‘Civil liberties’ at center of vaccination debate in Texas


Highlights

Some lawmakers say mandatory vaccination rules violate parents’ civil liberties.

The number of Texas children who are exempt from vaccines for nonmedical reasons has grown to almost 45,000.

The heart of the vaccine debate is not just about whether vaccines help or hurt children anymore. It’s about civil liberties, at least in Texas.

An episode of “VICE News Tonight” that aired Wednesday on HBO focuses on what the program considers a uniquely Texan phenomenon that came to a head during the regular legislative session that ended in May.

The news program noted that more than 20 vaccination-related pieces of legislation were filed during the session, including one that would have collected and made public data on how many children in each school weren’t immunized each year for nonmedical reasons. The bill failed largely at the hands of a group of socially conservative lawmakers called the Freedom Caucus, which opposes rules mandating vaccines.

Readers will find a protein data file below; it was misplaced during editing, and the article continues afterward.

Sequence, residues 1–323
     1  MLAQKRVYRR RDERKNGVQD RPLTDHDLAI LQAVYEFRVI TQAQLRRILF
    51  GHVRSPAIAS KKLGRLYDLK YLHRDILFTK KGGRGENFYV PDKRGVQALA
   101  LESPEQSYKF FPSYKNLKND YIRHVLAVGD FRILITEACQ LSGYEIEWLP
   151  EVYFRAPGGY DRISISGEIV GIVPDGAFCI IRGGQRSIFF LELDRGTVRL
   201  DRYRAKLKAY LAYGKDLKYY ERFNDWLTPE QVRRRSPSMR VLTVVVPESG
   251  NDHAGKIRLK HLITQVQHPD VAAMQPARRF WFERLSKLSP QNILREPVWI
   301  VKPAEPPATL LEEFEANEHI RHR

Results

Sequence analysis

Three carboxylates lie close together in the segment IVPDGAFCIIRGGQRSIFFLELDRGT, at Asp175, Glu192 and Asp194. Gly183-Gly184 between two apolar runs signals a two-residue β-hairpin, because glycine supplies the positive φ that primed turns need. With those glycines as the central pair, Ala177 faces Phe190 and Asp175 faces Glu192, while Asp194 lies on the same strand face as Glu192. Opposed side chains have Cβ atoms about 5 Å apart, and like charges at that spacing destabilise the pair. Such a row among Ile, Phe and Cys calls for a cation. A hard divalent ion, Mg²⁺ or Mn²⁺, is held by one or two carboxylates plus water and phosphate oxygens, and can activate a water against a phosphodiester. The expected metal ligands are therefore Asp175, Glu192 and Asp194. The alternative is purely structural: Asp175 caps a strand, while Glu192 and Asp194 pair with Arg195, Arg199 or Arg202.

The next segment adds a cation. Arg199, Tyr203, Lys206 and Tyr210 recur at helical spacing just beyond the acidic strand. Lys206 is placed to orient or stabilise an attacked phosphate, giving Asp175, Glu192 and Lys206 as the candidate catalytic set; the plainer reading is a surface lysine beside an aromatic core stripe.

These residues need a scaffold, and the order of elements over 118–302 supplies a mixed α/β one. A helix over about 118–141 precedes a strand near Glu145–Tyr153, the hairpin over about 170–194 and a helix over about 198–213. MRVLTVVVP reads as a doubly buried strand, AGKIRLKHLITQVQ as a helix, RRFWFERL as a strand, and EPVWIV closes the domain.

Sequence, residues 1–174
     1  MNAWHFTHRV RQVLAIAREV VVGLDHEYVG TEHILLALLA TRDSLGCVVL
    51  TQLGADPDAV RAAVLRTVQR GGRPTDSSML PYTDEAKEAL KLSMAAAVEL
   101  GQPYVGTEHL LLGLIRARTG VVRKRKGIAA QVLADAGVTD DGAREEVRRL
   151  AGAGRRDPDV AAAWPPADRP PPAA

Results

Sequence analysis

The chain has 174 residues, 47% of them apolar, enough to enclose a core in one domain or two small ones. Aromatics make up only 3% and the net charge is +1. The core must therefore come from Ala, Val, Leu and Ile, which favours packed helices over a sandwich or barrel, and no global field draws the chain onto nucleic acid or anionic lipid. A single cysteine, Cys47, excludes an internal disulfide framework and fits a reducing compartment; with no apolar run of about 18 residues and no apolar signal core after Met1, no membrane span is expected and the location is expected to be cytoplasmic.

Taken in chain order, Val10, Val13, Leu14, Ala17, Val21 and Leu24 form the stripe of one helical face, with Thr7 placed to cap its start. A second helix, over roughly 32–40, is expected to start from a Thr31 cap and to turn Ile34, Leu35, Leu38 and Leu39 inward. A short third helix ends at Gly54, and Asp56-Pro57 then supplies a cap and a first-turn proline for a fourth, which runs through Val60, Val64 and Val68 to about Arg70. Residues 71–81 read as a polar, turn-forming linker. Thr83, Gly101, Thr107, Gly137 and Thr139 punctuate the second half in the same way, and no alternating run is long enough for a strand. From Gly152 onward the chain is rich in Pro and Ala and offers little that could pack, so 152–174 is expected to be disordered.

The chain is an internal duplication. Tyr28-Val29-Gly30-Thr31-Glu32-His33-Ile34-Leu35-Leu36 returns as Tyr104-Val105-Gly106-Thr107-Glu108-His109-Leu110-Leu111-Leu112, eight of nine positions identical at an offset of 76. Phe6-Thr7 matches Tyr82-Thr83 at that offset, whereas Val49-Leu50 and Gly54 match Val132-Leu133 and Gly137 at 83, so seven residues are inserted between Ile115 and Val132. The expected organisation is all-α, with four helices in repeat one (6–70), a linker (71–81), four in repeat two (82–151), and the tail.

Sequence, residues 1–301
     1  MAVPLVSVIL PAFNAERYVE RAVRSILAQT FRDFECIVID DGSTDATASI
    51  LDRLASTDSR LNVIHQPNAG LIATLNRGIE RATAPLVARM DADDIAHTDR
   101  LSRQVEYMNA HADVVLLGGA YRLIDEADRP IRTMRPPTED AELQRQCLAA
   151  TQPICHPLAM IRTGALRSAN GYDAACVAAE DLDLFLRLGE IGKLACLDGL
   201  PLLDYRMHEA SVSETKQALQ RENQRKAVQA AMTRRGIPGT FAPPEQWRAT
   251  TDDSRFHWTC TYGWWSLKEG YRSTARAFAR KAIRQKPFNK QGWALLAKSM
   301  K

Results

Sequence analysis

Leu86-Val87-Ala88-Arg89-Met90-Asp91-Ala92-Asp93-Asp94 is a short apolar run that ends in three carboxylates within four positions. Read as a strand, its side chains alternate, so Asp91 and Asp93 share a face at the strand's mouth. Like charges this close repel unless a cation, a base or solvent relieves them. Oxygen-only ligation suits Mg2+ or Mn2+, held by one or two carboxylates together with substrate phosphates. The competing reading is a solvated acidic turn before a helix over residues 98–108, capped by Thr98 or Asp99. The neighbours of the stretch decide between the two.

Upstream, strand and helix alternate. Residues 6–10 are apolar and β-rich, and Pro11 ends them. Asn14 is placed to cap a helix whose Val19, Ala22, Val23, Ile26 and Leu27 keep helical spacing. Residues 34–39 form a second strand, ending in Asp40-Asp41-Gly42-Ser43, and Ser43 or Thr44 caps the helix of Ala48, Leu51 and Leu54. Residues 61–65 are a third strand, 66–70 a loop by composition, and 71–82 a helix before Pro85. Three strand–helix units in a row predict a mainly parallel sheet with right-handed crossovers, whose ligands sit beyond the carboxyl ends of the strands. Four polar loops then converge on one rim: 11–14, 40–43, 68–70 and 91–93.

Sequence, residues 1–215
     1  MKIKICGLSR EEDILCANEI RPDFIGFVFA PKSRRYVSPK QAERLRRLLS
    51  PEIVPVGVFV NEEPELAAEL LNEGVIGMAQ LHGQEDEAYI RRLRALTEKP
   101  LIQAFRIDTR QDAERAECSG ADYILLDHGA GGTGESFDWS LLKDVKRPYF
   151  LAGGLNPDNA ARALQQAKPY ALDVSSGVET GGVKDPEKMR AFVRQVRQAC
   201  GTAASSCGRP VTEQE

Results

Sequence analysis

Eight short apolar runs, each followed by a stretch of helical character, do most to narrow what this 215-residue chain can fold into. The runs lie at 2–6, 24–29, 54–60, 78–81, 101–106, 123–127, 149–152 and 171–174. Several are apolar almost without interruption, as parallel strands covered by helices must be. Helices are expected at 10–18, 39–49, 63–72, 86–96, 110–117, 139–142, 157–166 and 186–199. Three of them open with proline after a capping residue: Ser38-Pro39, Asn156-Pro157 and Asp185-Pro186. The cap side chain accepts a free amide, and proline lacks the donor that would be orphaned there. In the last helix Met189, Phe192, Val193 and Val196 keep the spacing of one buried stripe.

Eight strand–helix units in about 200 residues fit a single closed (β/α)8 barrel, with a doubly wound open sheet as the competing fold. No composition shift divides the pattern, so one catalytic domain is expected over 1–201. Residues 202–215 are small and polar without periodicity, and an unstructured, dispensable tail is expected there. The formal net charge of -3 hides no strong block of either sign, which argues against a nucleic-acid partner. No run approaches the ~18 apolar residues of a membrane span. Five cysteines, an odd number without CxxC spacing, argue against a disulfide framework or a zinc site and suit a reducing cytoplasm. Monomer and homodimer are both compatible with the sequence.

State Rep. Briscoe Cain, R-Deer Park, a caucus member who was interviewed by VICE summed up the issue: “I believe that in the hierarchy of rights, that liberty is higher than safety and security.”

Cain added that he receives vaccines and so does his son.

Members of the caucus were able to successfully tack on an amendment onto a high-priority foster care bill, preventing the state from taking a child away from his or her parents because they haven’t been vaccinated. They also added an amendment to a separate bill that bars the state from vaccinating foster care children without parental consent — other than for tetanus — or until the rights of the parents are terminated and the guardianship of the child is turned over to the state.

The number of Texas schoolchildren exempted from vaccines due to personal reasons has skyrocketed from about 2,000 in 2002-03 to almost 45,000 in 2015-16. One of the state’s hotbeds for children who aren’t vaccinated is Austin, with nonvaccinated rates as high as 40 percent in some Austin private schools.

Research in 1998 that suggested a link between autism and the measles, mumps and rubella vaccine, called the MMR, launched a worldwide vaccine scare. The work led by Andrew Wakefield, who now lives in Austin, has been discredited, and he was stripped of his medical license in England.



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